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Need help with Patrol "owned" items.

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I mentioned that I would get to Scout Accounts - I didn't do that - so - there is a caveat to everything I wrote - if the funds used to purchase the teepees come from the Scouts "Scout Accounts" and is from fund raising shares and not from money they personally deposited in their scout accounts to save money for summer camp or whatever, then the teepees belong to the unit and problem solved that way.  Scouts cannot personally gain from funds raised for scouting so they can't purchase a tangible item like a teepee that has value beyond their scouting lives.  (Technically, they can't use fundraised funds to pay for summer camps but if a Troop wanted to provide "camperships" with the funds they raise, they can do that.

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My experience is the adults are often the bigger issue than the kids.  

What does the PLC want to do with the gear?  Thewy are the leaders in the troop, not the adults. They need to make the decision.       With all due respect, your sentence should be the following,

If I read this right, Patrol A has a teepee that the boys purchased together by pooling their own funds.  I'm assuming that it was personal funds and not "Scout Account" funds (get to that in a bit). 

I disagree with some of the prevailing wisdom here.


A patrol is the basic unit of Boy Scouting - a group of boys participating in the program together.  I see no reason why they shouldn't be permitted to purchase their own gear.  They are, in theory, a group of friends deciding what they wish to spend their own money on.  They wish to spend it on gear which they will use to participate in the Scouting program.  I can't possibly see how the troop can arbitrarily decide that the troop now owns that gear - any more than the troop could claim that they somehow own my own personal tent, hiking boots, water bottle, or other equipment.  The fact that the boys happened to use their gear while camping with the troop does not somehow magically make the troop own that gear.  The fact that the troop allowed them to store their personal gear in the troop's storage isn't relevant to me.  If the troop wanted to require them to donate the gear to the troop as a condition of storing it with the troop's gear, then that should have been discussed before the troop granted permission to store their gear.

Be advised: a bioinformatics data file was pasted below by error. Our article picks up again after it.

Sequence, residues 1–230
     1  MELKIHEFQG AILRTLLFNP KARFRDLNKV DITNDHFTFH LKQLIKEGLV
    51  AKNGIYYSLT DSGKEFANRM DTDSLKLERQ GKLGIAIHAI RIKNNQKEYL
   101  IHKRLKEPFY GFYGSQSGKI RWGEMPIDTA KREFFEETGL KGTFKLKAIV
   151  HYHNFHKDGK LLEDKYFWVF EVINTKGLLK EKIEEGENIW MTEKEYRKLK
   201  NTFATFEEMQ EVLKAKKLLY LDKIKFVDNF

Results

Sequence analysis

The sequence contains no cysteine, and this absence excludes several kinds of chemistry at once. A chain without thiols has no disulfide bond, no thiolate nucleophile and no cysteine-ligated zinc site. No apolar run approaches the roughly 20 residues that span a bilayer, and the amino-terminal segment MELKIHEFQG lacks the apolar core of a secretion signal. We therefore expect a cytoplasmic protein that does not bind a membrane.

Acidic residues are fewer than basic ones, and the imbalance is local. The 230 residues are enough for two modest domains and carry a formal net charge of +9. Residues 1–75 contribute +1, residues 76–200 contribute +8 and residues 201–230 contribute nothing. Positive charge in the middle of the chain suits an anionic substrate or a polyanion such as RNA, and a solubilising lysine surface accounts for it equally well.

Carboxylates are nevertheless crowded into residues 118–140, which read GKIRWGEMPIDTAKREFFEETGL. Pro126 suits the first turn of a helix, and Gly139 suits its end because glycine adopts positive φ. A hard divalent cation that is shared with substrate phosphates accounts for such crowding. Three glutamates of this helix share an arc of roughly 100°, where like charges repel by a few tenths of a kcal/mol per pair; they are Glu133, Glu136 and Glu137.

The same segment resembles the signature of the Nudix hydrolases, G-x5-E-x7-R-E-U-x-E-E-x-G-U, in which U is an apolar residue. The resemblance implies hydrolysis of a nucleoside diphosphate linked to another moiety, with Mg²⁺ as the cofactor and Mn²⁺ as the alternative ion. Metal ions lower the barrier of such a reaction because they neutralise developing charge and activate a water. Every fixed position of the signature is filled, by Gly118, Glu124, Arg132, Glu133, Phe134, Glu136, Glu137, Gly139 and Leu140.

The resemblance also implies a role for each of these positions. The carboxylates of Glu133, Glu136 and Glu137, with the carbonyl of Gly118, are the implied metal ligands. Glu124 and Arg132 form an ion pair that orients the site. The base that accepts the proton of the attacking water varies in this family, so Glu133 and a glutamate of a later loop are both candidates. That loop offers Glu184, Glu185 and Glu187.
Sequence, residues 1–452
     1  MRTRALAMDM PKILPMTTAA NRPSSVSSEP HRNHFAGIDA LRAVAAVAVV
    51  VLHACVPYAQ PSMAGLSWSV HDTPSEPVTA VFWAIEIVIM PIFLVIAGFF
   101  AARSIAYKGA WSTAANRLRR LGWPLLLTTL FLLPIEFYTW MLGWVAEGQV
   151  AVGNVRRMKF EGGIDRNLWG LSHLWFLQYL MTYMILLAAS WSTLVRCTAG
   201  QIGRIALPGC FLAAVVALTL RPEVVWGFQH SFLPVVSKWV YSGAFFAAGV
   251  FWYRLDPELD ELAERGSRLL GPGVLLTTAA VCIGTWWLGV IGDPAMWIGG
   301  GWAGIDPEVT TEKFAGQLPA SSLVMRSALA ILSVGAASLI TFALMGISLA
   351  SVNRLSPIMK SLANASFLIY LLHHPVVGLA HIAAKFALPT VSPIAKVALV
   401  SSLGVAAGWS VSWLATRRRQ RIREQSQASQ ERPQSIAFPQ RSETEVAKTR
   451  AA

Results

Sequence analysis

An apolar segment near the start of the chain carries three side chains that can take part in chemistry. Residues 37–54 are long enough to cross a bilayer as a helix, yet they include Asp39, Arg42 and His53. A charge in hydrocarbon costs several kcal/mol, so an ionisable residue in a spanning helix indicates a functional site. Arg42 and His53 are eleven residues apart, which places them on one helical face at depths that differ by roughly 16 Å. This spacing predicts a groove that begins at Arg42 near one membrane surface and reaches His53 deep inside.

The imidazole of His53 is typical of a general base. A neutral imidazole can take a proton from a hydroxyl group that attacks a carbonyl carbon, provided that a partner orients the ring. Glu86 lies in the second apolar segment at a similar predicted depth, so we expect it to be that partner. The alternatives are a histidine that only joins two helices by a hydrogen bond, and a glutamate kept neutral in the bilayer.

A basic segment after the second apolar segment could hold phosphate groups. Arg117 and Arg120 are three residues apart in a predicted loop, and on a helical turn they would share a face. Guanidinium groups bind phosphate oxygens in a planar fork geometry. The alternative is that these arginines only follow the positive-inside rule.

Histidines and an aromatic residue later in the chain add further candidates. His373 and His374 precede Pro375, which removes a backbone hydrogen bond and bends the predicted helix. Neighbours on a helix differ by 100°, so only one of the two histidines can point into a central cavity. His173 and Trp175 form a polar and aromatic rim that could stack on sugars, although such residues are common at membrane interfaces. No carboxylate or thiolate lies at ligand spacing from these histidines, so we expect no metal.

Your rational is exactly how I view things.  


Now that we know the troop supplies the tents for the scouts otherwise, I view it even more this way.  The issue was probably created when the scouts want a different type of tent.  The troop should have probably paid for it then and supplied it.  Otherwise, it's the same as my son buys a better back pack for himself.  It's still his backpack when he leaves the troop.


Perhaps, the troop should reimburse the scouts for the expense retroactively.  

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... make it simple: equipment is either owned by the troop or owned by an individual boy. If it's owned by a boy then he takes it home with him, if it's owned by the troop it stays at the troop. Patrols are a perfect organizing structure for boys to have fun, but they have a short shelf life and cannot and will not exist outside the troop.


This is effectively what our troop does.  My son and his friend effectively share the same tent for years now.  My son brings it home, but the other scout brings other items.  It's their tent for their use.  When they age out, my son will keep the tent and the other kid keeps his stuff.   But effectively, they acquired the tent together and use it all the time in scouts.


The only effective policy I could imagine is having is Troop only stores troop gear.  "Personal gear is brought home.  Gear left or stored with the troop will be treated as troop gear."


Personally, I can't imagine the teepee as always stored by the troop.  It had to be going home to be dried out.  I'm betting that was fairly regular.  Probably did not return within a few days.

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I see all experiences as opportunities for the boys. I believe that is our mission. Since their is no safety issue to resolve, this is an issue for the boys in the (now disbanded) patrol to figure out. If they would like guidance, or a sounding board the Scouters can provide that.


As fas as a policy moving forward, I would not recommend making policy just to avoid potential conflicts as it really takes away an opportunity for the scouts to learn and grow. This is all part of the game of scouting, let them play the game without unnecessary interference.

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